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Re: Serbocroatian accent, was: Split-Ergativity Madness

From:Frank George Valoczy <valoczy@...>
Date:Saturday, October 6, 2001, 0:35
Vasiliy, thank you for expressing so eloquently what I knew, but I could
never have said it so well!

On Fri, 5 Oct 2001, Vasiliy Chernov wrote:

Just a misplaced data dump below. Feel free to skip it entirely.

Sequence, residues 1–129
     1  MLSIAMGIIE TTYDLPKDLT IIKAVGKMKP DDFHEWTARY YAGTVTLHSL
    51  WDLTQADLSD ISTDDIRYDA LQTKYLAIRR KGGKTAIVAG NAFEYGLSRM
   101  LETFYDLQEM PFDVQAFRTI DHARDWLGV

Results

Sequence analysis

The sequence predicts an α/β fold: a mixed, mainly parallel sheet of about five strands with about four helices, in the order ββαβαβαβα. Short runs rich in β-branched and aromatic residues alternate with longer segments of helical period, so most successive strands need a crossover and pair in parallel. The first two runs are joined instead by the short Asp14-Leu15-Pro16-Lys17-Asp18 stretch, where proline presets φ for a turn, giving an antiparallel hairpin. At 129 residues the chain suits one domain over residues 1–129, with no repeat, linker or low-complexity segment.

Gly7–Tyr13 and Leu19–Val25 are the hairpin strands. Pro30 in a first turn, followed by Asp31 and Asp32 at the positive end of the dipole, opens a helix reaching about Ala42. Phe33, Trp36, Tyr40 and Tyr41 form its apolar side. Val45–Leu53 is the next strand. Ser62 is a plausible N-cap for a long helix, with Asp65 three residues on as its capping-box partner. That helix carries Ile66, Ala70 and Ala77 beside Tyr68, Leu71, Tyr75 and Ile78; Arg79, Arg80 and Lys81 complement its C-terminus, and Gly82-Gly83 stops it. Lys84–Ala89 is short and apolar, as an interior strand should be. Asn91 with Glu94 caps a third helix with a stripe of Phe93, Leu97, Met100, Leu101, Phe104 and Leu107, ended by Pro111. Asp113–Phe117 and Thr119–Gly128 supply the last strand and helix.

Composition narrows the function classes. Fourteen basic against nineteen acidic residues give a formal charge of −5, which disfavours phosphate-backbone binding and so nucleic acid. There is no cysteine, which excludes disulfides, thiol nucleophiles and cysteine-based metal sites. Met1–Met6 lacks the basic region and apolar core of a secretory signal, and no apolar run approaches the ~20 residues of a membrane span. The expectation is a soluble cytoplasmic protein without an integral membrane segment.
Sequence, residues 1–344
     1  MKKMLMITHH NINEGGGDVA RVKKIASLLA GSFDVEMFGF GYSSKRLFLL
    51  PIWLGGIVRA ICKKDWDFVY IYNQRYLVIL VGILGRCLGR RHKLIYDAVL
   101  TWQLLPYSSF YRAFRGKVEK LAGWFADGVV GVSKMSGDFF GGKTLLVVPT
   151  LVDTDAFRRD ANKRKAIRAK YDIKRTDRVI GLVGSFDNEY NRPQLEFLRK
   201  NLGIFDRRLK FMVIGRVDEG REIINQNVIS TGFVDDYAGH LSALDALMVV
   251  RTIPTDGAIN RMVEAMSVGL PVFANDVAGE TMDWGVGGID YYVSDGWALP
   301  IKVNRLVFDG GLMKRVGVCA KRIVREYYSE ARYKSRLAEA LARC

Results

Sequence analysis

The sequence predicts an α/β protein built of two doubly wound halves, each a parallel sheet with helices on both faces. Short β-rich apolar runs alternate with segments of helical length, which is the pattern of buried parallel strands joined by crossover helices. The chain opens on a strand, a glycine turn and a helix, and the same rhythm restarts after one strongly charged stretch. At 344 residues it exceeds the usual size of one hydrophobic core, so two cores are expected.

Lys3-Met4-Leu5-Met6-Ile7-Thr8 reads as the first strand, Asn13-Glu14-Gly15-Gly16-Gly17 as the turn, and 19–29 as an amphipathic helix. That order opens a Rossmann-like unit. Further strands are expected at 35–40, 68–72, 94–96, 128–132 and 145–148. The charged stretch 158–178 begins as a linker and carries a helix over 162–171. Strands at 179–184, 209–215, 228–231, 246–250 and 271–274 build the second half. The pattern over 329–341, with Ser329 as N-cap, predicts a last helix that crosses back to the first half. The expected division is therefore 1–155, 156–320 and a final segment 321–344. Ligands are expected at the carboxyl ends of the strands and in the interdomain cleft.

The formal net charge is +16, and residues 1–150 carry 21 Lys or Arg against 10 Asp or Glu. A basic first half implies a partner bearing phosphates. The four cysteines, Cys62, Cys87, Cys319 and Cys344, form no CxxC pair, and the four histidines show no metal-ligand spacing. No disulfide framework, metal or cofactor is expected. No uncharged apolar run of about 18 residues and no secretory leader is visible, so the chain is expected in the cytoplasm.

> On Wed, 3 Oct 2001 19:51:44 EDT, David Peterson <DigitalScream@...> > wrote: > > > On a side note, has anyone heard anything about Swedish, Japanese and > >Serbo-Croat being pitch-accent languages? > > I have very little experience with Serbocroatian (Frank, can you help?). > But I remember how its pitch-accent system is described in grammars. > > Roughly, it looks as if it once used to be the usual system with > phonological stress (à la Russian or Bulgarian), but then each stress > got moved one syllable to the left and became 'rising'; if there was no > space to move to (i. e., the word was monosyllabic or originally accented > on the first syllable), it didn't move but became 'falling'. These > processes also involved proclitics. > > In the resulting system, > > a) the accent can be placed on any syllable except the last one; > b) if the accent is on the first syllable, it can be either the 'falling' > or the 'rising' one; > c) monosyllabic words always have the 'falling' accent; > d) if a word has a 'falling' accent on its first or sole syllable, the > accent must move to a proclitic if there is one. > > Interestingly, it seems that this system allows for a more 'economical' > reinterpretation: > > 1) The accent, always realized as a rising tonal contour, requires two > syllables for its realization (this view seems to have some phonetic > grounds). Monosyllabic words are phonologically accentless. > > 2) Polysyllabic words also can be accentless. Absence of the accent is > realized as a falling tonal contour on the word's first syllable. > > 3) The accent can fall onto any pair of neighboring syllables in a word. > > Thus reinterpreted, the SC system becomes almost identical (on the > phonological level) with the Japanese one, the only difference being that > SC accent requires a disyllabic 'platform'. > > However, there is a lot of dialectal variation concerning the accents > in SC. In particular, some dialects don't observe the point (d) above. > In such dialects, the 'falling' accent seems to acquire some phonological > value (at any rate, it can work as a word delimiter). And there are local > dialects with various other deviations (e. g. the 'leftward shift' can > be restricted to certain types of environments). > > Note also that while describing the correspondences between SC and > Russian/Bulgarian, I didn't intend to explain the actual history of > accentuation in SC. The position of accent in all Slavic langs where it > is phonological is determined by Proto-Slavic syllabic tones; SC could > simply differ from Russian, Bulgarian, Slovenian, etc. in the way it > treated Proto-Slavic sequences of tones. > > > Basilius >